[originally posted on LinkedIn Pulse @ http://linkd.in/1H5Kvvr]
Do Reserved Instances make you anxious? They shouldn’t.
A lot of people get caught up in all the different possible reservations you can purchase and wait months before making their first purchase.
Don’t do that.
Below is all you need to start saving money and take advantage of Amazon’s capacity guarantee today.
Step 1: Arrange Your Instances by Their Purpose
How do you group your infrastructure? By project, environment or application? Great. Put them all together and separate by OS and move on to step 2. If you mix Windows and Linux instances, it will complicate the entire process because of licensing and pricing differences.
Step 2: Figure Out the Cost
Once you’ve organized your instances into groups by their purpose, figure out what your current on-demand costs are and arrange your groups in descending order.
Step 3: Find Out Who Makes the Cut
Eliminate any groups or instances that won’t be running more than 65% of the time. Also eliminate any that you don’t expect to be running 1 year from now.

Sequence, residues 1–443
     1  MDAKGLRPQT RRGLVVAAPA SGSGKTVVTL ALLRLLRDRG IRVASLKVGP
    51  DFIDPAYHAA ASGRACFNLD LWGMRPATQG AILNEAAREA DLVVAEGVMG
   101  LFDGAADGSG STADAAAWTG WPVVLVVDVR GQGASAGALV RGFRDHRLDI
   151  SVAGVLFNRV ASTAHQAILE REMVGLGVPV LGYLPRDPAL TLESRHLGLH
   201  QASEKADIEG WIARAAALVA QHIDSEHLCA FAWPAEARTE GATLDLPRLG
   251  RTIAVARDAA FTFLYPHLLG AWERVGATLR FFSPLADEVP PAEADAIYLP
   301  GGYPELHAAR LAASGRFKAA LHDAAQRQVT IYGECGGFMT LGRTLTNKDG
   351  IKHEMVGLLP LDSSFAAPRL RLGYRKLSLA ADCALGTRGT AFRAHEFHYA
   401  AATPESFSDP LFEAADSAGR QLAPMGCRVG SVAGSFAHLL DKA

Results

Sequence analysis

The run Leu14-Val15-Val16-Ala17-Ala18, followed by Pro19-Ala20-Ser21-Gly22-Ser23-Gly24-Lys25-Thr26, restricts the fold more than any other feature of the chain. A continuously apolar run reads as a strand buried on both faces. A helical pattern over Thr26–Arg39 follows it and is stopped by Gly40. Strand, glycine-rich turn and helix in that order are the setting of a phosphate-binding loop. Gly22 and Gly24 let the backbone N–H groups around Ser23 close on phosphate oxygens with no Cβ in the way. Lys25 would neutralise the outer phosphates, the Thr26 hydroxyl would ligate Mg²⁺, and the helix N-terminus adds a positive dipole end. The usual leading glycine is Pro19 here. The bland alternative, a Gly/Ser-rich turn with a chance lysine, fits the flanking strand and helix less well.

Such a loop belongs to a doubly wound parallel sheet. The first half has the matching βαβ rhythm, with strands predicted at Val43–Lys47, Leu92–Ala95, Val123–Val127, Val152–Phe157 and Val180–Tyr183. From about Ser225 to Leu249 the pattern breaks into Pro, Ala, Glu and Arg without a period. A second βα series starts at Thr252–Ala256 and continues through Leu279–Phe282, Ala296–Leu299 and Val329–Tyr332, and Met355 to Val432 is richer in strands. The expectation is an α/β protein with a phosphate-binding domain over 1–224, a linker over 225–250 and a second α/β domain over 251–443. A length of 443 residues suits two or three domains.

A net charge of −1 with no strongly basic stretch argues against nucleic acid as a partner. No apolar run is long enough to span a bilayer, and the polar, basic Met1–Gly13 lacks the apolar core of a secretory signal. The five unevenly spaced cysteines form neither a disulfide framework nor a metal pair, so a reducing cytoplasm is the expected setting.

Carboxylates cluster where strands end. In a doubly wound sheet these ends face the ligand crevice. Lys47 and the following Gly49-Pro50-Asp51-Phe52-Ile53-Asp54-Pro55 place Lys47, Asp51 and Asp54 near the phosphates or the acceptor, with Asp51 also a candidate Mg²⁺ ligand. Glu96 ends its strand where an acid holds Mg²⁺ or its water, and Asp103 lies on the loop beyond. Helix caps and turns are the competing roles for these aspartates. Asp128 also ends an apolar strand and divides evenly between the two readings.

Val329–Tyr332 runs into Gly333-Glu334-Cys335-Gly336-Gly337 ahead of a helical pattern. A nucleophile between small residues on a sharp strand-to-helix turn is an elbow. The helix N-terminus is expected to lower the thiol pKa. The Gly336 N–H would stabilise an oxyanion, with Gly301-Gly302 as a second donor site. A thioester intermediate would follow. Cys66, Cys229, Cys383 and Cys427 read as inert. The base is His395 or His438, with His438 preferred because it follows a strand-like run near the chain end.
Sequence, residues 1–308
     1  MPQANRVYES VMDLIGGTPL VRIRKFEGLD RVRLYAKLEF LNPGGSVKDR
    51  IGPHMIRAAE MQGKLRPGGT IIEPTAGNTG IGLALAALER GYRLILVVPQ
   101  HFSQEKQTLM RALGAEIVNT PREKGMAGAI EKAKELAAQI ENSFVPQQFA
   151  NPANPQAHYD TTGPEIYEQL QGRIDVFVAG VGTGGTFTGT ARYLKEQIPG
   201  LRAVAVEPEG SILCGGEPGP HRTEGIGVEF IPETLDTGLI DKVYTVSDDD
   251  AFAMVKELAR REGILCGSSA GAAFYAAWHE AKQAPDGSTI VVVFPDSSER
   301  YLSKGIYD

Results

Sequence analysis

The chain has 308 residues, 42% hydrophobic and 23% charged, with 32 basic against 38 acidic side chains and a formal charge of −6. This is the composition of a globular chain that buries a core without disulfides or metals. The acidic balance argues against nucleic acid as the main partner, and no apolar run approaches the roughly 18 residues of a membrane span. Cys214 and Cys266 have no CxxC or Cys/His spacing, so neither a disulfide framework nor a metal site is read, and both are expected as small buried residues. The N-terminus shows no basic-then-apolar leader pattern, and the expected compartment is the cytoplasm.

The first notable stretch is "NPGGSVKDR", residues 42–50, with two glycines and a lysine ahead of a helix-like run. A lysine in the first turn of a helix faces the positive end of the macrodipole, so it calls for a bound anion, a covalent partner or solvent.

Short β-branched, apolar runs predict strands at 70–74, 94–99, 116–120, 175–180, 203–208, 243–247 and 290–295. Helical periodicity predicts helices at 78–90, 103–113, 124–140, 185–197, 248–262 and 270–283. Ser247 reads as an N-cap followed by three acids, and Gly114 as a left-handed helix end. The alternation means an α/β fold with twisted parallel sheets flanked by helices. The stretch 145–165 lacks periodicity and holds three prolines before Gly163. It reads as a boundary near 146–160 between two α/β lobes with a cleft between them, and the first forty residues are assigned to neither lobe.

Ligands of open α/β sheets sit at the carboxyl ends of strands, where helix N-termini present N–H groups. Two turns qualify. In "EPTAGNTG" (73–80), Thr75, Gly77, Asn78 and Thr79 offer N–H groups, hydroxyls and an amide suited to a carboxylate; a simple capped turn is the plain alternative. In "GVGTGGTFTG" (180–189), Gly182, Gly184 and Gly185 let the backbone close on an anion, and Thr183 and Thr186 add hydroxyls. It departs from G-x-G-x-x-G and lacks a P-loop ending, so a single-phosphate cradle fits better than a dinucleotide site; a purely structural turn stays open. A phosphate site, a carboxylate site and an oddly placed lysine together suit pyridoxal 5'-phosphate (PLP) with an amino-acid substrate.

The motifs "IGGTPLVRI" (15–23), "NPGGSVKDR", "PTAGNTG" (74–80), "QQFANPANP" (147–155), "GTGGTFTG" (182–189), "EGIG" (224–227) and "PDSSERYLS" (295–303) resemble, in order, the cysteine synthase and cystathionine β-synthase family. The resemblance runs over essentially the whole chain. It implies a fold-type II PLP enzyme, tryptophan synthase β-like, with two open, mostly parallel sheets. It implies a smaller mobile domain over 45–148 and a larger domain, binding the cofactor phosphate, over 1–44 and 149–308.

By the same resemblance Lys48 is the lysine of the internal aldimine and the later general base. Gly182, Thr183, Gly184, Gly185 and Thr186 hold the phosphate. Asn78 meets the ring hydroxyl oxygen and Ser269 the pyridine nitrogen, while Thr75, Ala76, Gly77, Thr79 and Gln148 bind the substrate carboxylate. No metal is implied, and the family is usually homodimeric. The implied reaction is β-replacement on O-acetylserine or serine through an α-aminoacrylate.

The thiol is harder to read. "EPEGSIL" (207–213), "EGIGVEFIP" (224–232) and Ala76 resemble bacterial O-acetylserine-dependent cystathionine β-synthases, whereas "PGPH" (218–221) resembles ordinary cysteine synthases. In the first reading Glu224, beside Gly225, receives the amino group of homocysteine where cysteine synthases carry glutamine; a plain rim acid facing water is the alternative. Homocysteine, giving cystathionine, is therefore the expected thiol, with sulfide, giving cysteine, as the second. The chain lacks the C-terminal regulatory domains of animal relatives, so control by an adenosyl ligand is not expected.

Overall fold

Step 4: Figure Out Where Your Reservations Will Reside
Once you’ve figured out the region (e.g. us-east-1 or us-west-1), you’ll need to specifically choose the availability zone where you currently have the most on-demand usage (e.g. 1a or 1b).
You’ll also have to choose whether they will reside within a VPC or in classic EC2 mode. For most newer customers your infrastructure will most likely already be in a VPC.
Step 5: Decide How Much You’re Going to Give AWS Upfront
Sometimes the increased savings you reap from all upfront reservations are not enough to justify their initial upfront fee. The table below shows how purchasing an all upfront m3.large reservation will cost $308 ($751-$443) more and only offer 2% more in monthly savings. Obviously the number of reservations will affect the dollar amount savings, so make sure to do the math regardless.
Step 6: Determine the Purchasing Account
Do you have more than one account linked to a consolidated bill?
a) Purchase in the consolidated account if you don’t care about the capacity reservation. This option simplifies the purchase and management of reservations, but you’re not guaranteed to be able to launch an instance based on a reservation in a linked account if the reservation was made in another account.
b) Purchase in the linked accounts if you want to receive the cost and capacity reservation of the RI, although the planning process will be significantly more complex. Note: Other accounts can still benefit from the associated discount if a valid instance isn’t running in the purchasing account.
Based on experience, the best advice I can give is to purchase reservations on an account-by-account basis.
Don’t want to spend all this time to model out your purchase? I don’t blame you. I used to do it before we released the RI Optimizer. Have it plan your most cost-optimal purchase in seconds.